Much has been said recently about the collapse of 'risk gauges' in the financial markets, especially on foot of the historically low readings for the markets' 'fear index', VIX. In terms of medium-term averages, current VIX readings are closely matching the readings for the period of 'peak' 'Great Moderation' of 1Q 2005 - 4Q 2006, while on-trend, VIX is currently running below 2005-2006 troughs. In other words, risk has effectively disappeared from the investors' (or rather traders and active managers) radars (see chart below).
At the same time, traditional perceptions of risk in the financial markets have been replaced by a sky-rocketing uncertainty surrounding the real economy, and especially, economic policies. The Economic Policy Uncertainty Indices have been hitting all-time highs globally (see chart below), and across a range of key economies (see this for my recent analysis for Europe, this for Russia and the U.S.). In current data, Economic Policy Uncertainty Index (EPUI) has been showing extreme volatility coupled with extreme valuations. Index values are rising above historical norms both in terms of medium-term averages and in terms of longer term trends.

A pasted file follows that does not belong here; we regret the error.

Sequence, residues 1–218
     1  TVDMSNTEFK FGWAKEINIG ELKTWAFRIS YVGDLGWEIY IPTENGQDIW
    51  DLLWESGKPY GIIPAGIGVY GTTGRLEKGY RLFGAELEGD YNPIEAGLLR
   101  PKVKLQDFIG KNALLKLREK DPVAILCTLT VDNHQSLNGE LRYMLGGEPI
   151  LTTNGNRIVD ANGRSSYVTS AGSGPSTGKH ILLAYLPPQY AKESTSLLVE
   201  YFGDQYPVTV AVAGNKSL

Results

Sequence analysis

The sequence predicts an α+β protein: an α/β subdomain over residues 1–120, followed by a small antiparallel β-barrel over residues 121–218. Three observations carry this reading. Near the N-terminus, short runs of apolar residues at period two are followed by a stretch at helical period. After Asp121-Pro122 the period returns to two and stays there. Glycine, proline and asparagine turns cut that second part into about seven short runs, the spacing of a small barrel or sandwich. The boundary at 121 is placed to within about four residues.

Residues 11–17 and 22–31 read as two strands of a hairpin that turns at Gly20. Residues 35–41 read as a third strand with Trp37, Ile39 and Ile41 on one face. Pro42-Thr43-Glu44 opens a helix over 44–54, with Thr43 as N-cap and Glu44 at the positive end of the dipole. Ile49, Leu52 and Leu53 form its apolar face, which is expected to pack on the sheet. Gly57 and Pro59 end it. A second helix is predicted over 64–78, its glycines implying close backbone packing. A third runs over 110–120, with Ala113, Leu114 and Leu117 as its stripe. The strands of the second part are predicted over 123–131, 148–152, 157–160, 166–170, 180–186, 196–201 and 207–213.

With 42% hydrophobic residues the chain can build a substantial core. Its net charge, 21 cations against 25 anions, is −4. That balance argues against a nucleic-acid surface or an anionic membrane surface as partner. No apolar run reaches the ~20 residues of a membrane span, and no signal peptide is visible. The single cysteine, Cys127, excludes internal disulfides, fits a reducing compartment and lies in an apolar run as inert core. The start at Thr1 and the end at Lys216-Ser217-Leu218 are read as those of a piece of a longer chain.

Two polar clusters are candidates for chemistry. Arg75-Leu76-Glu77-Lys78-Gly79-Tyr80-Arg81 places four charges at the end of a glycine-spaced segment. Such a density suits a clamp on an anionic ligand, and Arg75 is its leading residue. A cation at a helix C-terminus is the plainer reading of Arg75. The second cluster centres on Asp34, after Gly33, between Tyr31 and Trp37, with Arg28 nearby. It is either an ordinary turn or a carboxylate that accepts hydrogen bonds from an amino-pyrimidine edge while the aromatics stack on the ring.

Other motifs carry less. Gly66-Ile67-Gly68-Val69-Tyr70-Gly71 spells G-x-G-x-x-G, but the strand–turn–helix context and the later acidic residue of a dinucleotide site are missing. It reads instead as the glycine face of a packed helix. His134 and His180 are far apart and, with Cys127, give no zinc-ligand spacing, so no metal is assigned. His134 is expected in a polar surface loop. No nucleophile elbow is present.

Another interesting feature is the direct relationship between the EPUI and VIX indices. Based on rolling correlations analysis (see chart below), the traditionally positive correlation between the two indices has broken down around the start of 2Q 2016 and since then all three measures of correlation - the 6-months, the 12-months and the 24-months rolling correlations - have trended to the downside, turning negative with the start of 2H 2016. Since November 2016, we have a four-month period when all three correlations are in the negative territory, the first time this happened since June 2007 and only the second time this happened in history of both series (since January 1997). Worse, the previous episode of all three correlations being negative lasted only two months (June and July 2007), while the current episode is already 4 months long.
Final point worth making is that while volatility of VIX has collapsed both on trend and in level terms since the start of H1 2016 (see chart below), volatility in EPUI has shot up to historical highs.
Taken together, the three empirical observations identified above suggest that the current markets and economies are no longer consistent with increased traditional risk environment (environment of measurable and manageable risks), but instead represent VUCA (volatile, uncertain, complex and ambiguous) environment. The VUCA environment, by its nature, is characterised by low predictability of risks, with uncertainty and ambiguity driving down efficacy of traditional models for risk assessments and making less valid traditional tools for risk management. Things are getting increasingly more complex and uncertain, unpredictable and unmanageable.